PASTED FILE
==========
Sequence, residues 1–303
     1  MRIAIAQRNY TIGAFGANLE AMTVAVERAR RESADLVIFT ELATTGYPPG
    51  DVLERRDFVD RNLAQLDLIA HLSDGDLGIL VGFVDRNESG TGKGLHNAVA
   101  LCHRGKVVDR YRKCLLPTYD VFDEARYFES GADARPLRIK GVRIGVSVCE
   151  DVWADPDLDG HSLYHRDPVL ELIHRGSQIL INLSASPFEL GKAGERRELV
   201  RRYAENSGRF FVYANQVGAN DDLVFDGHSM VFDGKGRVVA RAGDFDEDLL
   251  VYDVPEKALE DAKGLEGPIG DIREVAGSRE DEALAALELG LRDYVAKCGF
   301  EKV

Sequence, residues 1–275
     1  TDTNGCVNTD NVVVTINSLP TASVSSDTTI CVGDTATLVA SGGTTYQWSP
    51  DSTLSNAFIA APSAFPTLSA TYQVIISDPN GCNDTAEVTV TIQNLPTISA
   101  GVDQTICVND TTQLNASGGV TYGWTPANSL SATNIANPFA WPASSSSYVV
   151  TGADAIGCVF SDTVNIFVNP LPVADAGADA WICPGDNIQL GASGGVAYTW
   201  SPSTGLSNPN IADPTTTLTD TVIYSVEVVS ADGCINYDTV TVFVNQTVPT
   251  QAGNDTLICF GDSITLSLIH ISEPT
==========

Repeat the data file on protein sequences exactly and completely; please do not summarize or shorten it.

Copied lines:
Sequence, residues 1–303
     1  MRIAIAQRNY TIGAFGANLE AMTVAVERAR RESADLVIFT ELATTGYPPG
    51  DVLERRDFVD RNLAQLDLIA HLSDGDLGIL VGFVDRNESG TGKGLHNAVA
   101  LCHRGKVVDR YRKCLLPTYD VFDEARYFES GADARPLRIK GVRIGVSVCE
   151  DVWADPDLDG HSLYHRDPVL ELIHRGSQIL INLSASPFEL GKAGERRELV
   201  RRYAENSGRF FVYANQVGAN DDLVFDGHSM VFDGKGRVVA RAGDFDEDLL
   251  VYDVPEKALE DAKGLEGPIG DIREVAGSRE DEALAALELG LRDYVAKCGF
   301  EKV

Sequence, residues 1–275
     1  TDTNGCVNTD NVVVTINSLP TASVSSDTTI CVGDTATLVA SGGTTYQWSP
    51  DSTLSNAFIA APSAFPTLSA TYQVIISDPN GCNDTAEVTV TIQNLPTISA
   101  GVDQTICVND TTQLNASGGV TYGWTPANSL SATNIANPFA WPASSSSYVV
   151  TGADAIGCVF SDTVNIFVNP LPVADAGADA WICPGDNIQL GASGGVAYTW
   201  SPSTGLSNPN IADPTTTLTD TVIYSVEVVS ADGCINYDTV TVFVNQTVPT
   251  QAGNDTLICF GDSITLSLIH ISEPT